American Fighter Parent Guide
Like most boxing movies, this is more about heart than technique.
Parent Movie Review
Expecting to meet his parents as they arrive from their Tehran flight, Ali (George Kosturos) instead finds himself having a horrifying conversation with the pilot. Armed men had boarded the plane in Tehran, killed his father, and prevented his mother from leaving Iran. Already trying to balance competitive wrestling and a full academic load at university, Ali suddenly needs to raise about $30,000 to have his mother rescued, and time is of the essence. Unable to get a regular job that can raise that kind of money quickly, Ali has to get creative. His friend, Ryan (Bryan Craig) might have the answer. A skilled wrestler like Ali can make good money quickly in an illegal MMA fight with McClellan (Tommy Flanagan), the local bookie. But even then, Ali is going to need help to make it in the brutal world of underground bareknuckle fighting, and his only hope may be washed-up former fighter Duke (Sean Patrick Flannery).
Fighting movies are usually about heart over technique. Rocky Balboa had some fun training montages, but at the end of the day, that movie wasn’t a documentary about boxing. The same thing goes for American Fighter. While the fighting is prominent (and fairly intense), what is at stake for Ali is far more important than whether he can throw a good punch. And American Fighter knows it. The fighting is a big draw, but the focus of the film is on Ali’s friendships and his need to save his mother.
This is not to say the movie is perfect. The pacing is a little odd, with a long first act, about ten minutes of transition, and then the third act. It’s not the end of the world, but it does make a relatively short flick feel a good bit longer. The other issue is the character development, which suffers from a similar problem. Ali is a pretty static character for about 65 minutes of a 90 minute movie, which does hurt.
That said, I have a soft spot for these underdog stories. I’ve seen almost this exact story (with a variety of motivations) more times than I could count, but that has somehow failed to dampen my enthusiasm. If you’re also a fan of the genre, I expect you’ll have a good time – even with the brutal violence in the ring. While this isn’t a children’s film, obviously, older teens and adults should be able to handle American Fighter. Of course, that’s assuming they aren’t about to try any of this at home: Even in the ring, some of the moves on display here could easily prove fatal or result in permanent disability, and that would ruin the fun real quick, wouldn’t it?Directed by Shaun Paul Piccinino. Starring George Kosturos, Tommy Flanagan, and Sean Patrick Flanery. Running time: 98 minutes. Theatrical release May 21, 2021. Updated May 21, 2021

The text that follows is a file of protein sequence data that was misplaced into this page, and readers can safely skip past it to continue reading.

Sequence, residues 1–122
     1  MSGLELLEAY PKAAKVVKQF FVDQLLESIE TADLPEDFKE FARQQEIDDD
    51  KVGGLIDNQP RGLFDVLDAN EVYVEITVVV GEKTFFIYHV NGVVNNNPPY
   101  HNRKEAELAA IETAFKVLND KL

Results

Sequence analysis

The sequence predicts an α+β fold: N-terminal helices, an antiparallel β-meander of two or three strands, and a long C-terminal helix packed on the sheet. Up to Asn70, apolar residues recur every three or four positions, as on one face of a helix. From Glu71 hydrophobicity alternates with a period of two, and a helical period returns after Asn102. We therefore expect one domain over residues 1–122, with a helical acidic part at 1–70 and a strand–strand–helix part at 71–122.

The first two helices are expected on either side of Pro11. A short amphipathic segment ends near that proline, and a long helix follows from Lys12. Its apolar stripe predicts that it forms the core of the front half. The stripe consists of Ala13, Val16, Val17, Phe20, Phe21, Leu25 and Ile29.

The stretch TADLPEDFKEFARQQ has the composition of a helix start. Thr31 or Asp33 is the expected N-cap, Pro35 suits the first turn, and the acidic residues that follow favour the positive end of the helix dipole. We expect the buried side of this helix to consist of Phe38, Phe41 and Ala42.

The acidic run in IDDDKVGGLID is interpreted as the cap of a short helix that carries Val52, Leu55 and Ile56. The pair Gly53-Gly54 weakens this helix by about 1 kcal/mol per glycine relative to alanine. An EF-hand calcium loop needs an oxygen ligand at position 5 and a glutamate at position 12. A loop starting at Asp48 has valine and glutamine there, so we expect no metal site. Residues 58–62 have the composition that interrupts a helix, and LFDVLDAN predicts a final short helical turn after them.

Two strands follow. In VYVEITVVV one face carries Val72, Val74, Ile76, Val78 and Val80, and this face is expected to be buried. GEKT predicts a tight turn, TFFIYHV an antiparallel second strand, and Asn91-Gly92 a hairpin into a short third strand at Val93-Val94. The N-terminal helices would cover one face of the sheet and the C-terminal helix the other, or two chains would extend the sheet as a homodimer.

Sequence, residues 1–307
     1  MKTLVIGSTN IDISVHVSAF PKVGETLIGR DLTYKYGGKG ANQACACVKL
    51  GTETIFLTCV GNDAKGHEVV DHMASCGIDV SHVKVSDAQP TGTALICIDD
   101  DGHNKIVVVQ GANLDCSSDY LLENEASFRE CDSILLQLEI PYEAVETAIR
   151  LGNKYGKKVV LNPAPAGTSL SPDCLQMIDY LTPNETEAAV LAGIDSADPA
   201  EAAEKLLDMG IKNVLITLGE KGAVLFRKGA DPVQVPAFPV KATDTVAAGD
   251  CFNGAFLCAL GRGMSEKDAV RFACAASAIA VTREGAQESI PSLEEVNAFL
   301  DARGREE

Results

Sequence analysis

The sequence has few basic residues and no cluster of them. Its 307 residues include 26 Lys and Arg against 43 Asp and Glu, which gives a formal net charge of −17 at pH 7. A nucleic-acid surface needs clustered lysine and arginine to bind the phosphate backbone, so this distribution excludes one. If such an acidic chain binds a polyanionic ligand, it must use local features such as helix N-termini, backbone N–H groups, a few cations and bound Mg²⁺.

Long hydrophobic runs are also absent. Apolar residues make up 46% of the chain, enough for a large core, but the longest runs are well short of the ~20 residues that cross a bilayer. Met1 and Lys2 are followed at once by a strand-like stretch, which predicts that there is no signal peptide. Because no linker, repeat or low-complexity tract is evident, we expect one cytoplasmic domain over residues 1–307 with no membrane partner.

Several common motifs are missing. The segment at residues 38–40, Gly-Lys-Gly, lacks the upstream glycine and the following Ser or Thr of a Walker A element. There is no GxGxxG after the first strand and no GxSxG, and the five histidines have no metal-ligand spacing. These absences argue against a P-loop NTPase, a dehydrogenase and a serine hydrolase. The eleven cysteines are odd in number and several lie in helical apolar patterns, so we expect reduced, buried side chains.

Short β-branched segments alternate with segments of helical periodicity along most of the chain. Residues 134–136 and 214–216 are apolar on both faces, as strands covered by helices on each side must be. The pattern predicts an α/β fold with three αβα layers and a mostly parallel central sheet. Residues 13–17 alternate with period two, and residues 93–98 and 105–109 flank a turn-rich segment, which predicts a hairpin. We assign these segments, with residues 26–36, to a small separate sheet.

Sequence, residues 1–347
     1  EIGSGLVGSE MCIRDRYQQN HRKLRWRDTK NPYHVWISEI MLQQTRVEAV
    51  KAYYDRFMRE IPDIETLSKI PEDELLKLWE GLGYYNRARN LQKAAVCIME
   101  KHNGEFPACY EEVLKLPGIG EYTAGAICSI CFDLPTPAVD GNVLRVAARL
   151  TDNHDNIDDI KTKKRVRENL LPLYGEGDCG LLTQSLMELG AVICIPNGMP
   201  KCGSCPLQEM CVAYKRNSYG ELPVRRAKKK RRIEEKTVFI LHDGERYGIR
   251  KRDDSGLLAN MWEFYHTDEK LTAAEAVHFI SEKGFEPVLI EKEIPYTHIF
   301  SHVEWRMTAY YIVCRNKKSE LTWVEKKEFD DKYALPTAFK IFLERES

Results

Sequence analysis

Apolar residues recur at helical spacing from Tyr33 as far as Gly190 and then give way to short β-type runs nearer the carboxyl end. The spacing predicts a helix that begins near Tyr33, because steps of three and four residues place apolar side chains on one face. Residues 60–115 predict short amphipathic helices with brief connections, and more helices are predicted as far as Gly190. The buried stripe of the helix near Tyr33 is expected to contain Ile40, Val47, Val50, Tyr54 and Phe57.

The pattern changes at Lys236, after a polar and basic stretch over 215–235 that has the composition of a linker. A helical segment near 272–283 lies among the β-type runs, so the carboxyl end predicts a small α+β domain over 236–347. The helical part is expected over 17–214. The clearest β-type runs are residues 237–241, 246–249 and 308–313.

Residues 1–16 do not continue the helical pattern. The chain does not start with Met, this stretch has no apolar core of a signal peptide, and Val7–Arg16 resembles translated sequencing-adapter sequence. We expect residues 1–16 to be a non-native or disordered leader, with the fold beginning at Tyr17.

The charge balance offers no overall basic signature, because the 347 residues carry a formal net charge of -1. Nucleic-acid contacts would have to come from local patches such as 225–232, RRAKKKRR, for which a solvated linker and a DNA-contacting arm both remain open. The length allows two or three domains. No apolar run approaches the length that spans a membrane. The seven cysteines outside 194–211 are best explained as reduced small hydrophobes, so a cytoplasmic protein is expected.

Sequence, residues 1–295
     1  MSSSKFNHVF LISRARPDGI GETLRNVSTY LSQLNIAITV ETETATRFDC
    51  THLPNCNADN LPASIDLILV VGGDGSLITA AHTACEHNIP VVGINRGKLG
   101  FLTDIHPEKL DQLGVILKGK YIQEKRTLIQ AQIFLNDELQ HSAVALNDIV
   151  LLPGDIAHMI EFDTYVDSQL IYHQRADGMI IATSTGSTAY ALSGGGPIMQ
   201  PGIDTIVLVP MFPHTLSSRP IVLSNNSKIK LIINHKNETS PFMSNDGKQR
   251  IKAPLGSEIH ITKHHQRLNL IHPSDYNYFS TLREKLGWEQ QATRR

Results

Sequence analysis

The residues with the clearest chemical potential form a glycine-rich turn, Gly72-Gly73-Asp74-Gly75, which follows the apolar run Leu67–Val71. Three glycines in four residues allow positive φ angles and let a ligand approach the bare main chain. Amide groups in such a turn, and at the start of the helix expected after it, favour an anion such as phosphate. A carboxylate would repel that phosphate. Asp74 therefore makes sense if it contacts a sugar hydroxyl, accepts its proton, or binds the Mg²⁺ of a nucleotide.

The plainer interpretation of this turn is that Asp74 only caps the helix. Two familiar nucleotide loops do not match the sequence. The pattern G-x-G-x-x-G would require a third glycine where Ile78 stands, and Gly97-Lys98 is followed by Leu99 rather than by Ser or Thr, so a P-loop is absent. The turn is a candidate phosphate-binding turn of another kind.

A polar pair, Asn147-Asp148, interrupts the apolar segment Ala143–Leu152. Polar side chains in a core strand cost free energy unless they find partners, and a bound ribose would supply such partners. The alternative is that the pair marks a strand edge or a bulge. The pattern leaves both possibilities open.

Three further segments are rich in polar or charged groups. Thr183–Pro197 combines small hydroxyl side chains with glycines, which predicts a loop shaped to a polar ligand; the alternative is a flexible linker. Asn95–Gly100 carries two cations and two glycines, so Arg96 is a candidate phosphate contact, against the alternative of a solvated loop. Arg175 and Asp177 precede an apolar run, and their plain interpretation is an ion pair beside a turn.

Watch the trailer for American Fighter
Rating & Content Info
Why is American Fighter rated R? American Fighter is rated R by the MPAA for violence.
Violence: There are many scenes depicting underground bareknuckle fighting, all of which involve considerable violence and typically end in a knock out. Individuals also sustain broken bones. One individual is severely beaten outside of a fight and is ultimately hospitalized. One character is executed.
Sexual Content: One scene depicts college students flashing others, but no nudity is seen.
Profanity: There is one sexual expletive, eleven scatological curses, and several mild profanities and terms of deity. There are also several cruel racial slurs used.
Alcohol / Drug Use: People are seen drinking, sometimes to excess. One character is depicted as an alcoholic.
Page last updated May 21, 2021
American Fighter Parents' Guide
Ali is pushed into illegal fights by his need to raise money. What precludes him from getting a legal job? What barriers existed then for him? Which of those barriers would still exist now? How can we combat discriminatory hiring practices?
Ali’s mother is trapped in Tehran in the aftermath of the Iranian Revolution in the late seventies. What caused the Iranian Revolution? What effects did it have on the region? Has Iran changed since? If so, how?
Britannica: Iranian Revolution
The New York Times: The Iran Revolution at 40: From Theocracy to “Normality”
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Sean Patrick Flannery recently starred in another underground fighting movie, Born a Champion, in which he plays a skilled jiu-jitsu fighter. As with many fighting movies, this has a good deal in common with Rocky and The Karate Kid. Fans of fighting movies will also enjoy Creed and Creed II, the latest entries in the Rocky franchise. Here Comes the Boom is another movie about Mixed Martial Arts.
For a family friendly option, check out Fighting with My Family, the story of two teens who want to pursue their family’s legacy in wrestling.